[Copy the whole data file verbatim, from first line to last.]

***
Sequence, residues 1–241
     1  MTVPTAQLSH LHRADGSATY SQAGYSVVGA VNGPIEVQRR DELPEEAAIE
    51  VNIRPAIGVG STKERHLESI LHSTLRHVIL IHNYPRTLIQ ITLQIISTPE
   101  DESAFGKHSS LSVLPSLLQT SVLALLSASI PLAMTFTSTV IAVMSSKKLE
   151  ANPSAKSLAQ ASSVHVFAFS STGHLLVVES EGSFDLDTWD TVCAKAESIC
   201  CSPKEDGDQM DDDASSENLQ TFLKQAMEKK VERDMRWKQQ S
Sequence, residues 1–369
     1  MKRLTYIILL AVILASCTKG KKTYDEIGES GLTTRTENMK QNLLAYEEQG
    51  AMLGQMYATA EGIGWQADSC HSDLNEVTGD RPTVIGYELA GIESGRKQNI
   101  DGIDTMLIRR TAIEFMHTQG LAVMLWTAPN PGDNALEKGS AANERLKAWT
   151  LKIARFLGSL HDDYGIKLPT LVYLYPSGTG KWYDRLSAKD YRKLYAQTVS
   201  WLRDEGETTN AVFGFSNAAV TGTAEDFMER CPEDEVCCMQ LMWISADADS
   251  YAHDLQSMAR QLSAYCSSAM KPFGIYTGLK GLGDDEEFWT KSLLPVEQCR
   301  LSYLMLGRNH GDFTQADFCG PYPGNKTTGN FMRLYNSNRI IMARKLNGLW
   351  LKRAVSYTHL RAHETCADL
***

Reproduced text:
Sequence, residues 1–241
     1  MTVPTAQLSH LHRADGSATY SQAGYSVVGA VNGPIEVQRR DELPEEAAIE
    51  VNIRPAIGVG STKERHLESI LHSTLRHVIL IHNYPRTLIQ ITLQIISTPE
   101  DESAFGKHSS LSVLPSLLQT SVLALLSASI PLAMTFTSTV IAVMSSKKLE
   151  ANPSAKSLAQ ASSVHVFAFS STGHLLVVES EGSFDLDTWD TVCAKAESIC
   201  CSPKEDGDQM DDDASSENLQ TFLKQAMEKK VERDMRWKQQ S
Sequence, residues 1–369
     1  MKRLTYIILL AVILASCTKG KKTYDEIGES GLTTRTENMK QNLLAYEEQG
    51  AMLGQMYATA EGIGWQADSC HSDLNEVTGD RPTVIGYELA GIESGRKQNI
   101  DGIDTMLIRR TAIEFMHTQG LAVMLWTAPN PGDNALEKGS AANERLKAWT
   151  LKIARFLGSL HDDYGIKLPT LVYLYPSGTG KWYDRLSAKD YRKLYAQTVS
   201  WLRDEGETTN AVFGFSNAAV TGTAEDFMER CPEDEVCCMQ LMWISADADS
   251  YAHDLQSMAR QLSAYCSSAM KPFGIYTGLK GLGDDEEFWT KSLLPVEQCR
   301  LSYLMLGRNH GDFTQADFCG PYPGNKTTGN FMRLYNSNRI IMARKLNGLW
   351  LKRAVSYTHL RAHETCADL